Detailed Information

Once the principal river port of the Upper Mississippi Valley, Galena reached its economic peak during the 1850’s.  With the coming of the Illinois Central Railroad, a group of local investors formed the “Galena Hotel Company” and built a grand hotel to reflect the growing prosperity of this “Metropolis of the Northwest”.  Named for the discoverer of the Mississippi River, the DeSoto House opened on April 9, 1855 and was billed as the “Largest Hotel in the West.”

At the time of its conception, the DeSoto House was built to service the many people arriving in Galena which was flourishing as a major mining and trade center.  The original hotel building consisted of five stories and a lower level.  The DeSoto boasted 225 guest rooms, a gentleman’s reading room, ladies’ parlors, a 300 seat dining hall, a kitchen with equipments for feeding hundreds, and it own gas works for lighting halls, dining rooms, and public areas.  In addition, retail stores, offices, a saloon, and a bowling alley also found their home in the DeSoto House.

The first proprietor of the DeSoto House, John C. Parks, furnished the hotel at a cost of $15,000 in exchange for a two year rent-free contract.  Furnishings included velvet carpets, rosewood furniture, marble -topped tables, satin damask curtains, and a “double round seven octave carved rosewood Piano Forte”.  A reporter from the Buffalo Commercial Advertiser wrote of the DeSoto House that it was “the perfection of neatness, convenience, and accommodations”.

Thus the DeSoto House began its years as the center of Galena’s social and political activities.  Perhaps its most notable visitor was President  Abraham Lincoln, who spoke from its Main Street balcony on July 23, 1856, in support of John Fremont’s bid for presidency.  Just two years later, on July 25, 1858 Senator Stephen A. Douglas spoke from the same balcony.  On September 13, 1860, a crowd of over 15,000 rallied in front of the DeSoto in response to a “Grand Republican Mass Meeting” in support of Lincoln’s presidential bid.

Ulysses S. Grant’s return to his hometown of Galena following the Civil War, brought 25,000 citizens to the streets to welcome him home.  Bands, parades, and cannon salutes preceded a reception ball for 2,000 persons which was held at the DeSoto House.  Grant later used rooms 209 and 211 of the hotel as his presidential campaign headquarters.

As the economic focus of Galena shifted, and railroads instead of steamboats took the lead in transportation, the DeSoto House also met with problems.  Only four years after its grand opening, the grand hotel suffered a fire on June 2, 1859, which destroyed a dozen rooms on each floor with water and smoke damage to the entire hotel.

During the next years of Galena’s economic decline, the DeSoto House had several shining moments.  Then the occasion would arise to welcome home returning soldiers or dignitaries, or welcome celebrities to the area, the DeSoto House proved itself to be the ideal place for a great banquet or ball, providing ample space and just the right atmosphere for such events.

Misfortune was to haunt the DeSoto House once again on December 7, 1869, when a steam boiler located in the dye works in the hotel’s basement exploded.  Subsequently, the hotel was put up for rent in May 1870.  Furnishings were auctioned in October of the same year and the doors of the hotel closed in December 1870.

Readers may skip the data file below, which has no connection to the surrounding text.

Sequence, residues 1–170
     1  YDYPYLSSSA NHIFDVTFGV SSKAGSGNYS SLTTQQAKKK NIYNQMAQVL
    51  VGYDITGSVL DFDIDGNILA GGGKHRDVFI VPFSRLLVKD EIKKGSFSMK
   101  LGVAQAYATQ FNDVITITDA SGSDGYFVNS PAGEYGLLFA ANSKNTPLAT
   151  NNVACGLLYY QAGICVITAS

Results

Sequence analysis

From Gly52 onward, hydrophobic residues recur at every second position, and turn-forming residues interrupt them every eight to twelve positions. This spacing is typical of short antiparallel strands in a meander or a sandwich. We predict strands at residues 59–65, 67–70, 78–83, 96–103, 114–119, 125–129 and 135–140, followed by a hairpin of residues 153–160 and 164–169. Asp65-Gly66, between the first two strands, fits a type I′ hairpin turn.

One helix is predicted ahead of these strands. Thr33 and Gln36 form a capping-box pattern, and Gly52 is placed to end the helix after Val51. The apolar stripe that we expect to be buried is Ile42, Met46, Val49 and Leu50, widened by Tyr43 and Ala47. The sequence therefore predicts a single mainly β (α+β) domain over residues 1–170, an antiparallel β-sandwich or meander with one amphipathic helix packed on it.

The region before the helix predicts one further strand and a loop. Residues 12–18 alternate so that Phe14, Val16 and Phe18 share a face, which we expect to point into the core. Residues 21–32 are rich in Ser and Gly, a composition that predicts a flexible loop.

Better years came to the DeSoto House.  W.H. Blewett purchased the hotel in 1871 and once again Galena had entered an economic period of prosperity due to small local industries.  Blewett redecorated the hotel to cater to the needs of the community.  The DeSoto House was host during this period, to traveling performers such as General and Mrs. Tom Thumb, Duprey and Green’s Minstrels, and American aeronaut, Professor S.M. Brooks.

In 1880, the upper two floors of the hotel were removed.  1883 saw the tavern moved to the Green Street side of the building and a small bowling alley added to it.

Later owners of the hotel redecorated and installed hot and cold running water and bathrooms on all floors.  Gradually, with the economic tide of the town, the DeSoto House ebbed into a role of a combination hotel-boarding house.  Renovation of the hotel was attempted once again in 1971 and 1977.

Seven years elapsed until 81 year old mayor, Frank Einsweiller, was able to assemble all the necessary people and funding to begin the $7.8 million restoration, on the condemned building which transpired between April 15, 1985 and April 19, 1986.

Today the DeSoto House  currently offers 55 guest rooms with private baths, three dining areas, a ballroom, conference and banquet rooms, specialty shops, and a private parking garage.

The DeSoto House encompasses a four-story atrium for Courtyard dining serving breakfast, lunch and private banquets as well as the Generals’ Restaurant named in honor of Galena’s nine Civil War Generals which offers a lounge and dining rooms amidst the atmosphere of the original brick walls and beamed ceilings.  Green Street Tavern, the third dining area, in its 1883 location is the perfect place to sit and watch Main Street.

And so, the DeSoto House has come full circle.  From its grand opening in Galena’s glory days, through economic change and misfortune to once again offering deluxe accommodations and superior service in a most historic setting.

If one listens closely enough, one can hear the DeSoto’s rich heritage whispering of historic conversations and music from grand balls of days gone by.

We invite you to enjoy your time with us and it is our honor to add your name to our list of notable guests.